If you get into anybody far enough, you’ve got yourself a partner. —Mark Twain
When dollars are transferred from our pocket to an investment, the expectation is that they’ll be worth more in the future. But when the results disappoint, we’re loath to admit we were wrong. Our natural tendency is to hold onto the losers longer than we should, because in doing so, we are deferring defeat and keeping our ego intact.
The problem with small losses is that it’s easy to hold onto them as they morph into big losses. In the world of finance, nothing springs eternal like hope. We’ll watch with indifference as a 5% loss becomes a 10% loss, with fear as it cascades to a 20% loss, and with utter terror as it falls any further. At this point, we become paralyzed as adrenaline rushes through the 100 billion nerve cells in our brain. The hypothalamus, our “fight or flight” system, suspends rational thinking.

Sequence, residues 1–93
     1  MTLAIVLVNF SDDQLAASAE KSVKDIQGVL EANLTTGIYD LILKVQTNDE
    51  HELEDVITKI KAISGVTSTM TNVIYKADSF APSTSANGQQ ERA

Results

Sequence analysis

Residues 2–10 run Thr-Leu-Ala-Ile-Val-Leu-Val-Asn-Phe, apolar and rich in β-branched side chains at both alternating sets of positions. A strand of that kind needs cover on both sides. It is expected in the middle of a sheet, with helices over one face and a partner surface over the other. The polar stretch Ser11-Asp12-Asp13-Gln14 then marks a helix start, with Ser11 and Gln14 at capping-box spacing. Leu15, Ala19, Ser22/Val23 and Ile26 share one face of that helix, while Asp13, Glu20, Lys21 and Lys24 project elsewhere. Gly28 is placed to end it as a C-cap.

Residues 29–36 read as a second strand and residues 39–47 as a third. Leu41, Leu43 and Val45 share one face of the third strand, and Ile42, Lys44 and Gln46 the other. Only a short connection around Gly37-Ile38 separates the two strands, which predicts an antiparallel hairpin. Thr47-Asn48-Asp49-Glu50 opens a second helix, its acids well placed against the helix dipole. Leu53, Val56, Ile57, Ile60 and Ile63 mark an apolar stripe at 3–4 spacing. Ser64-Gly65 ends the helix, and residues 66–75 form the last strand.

“I’ll get out when I’m even.” Anybody who has ever bought a stock has experienced this poisonous thought floating between their ears. The unfortunate reality about declines is that the math required to make them whole requires extraordinary acts. A 20% loss requires not a 20% gain to break even, but rather a 25% advance. The deeper the hole, the harder it is to climb out; an 80% loss requires a 400% gain to make your money back.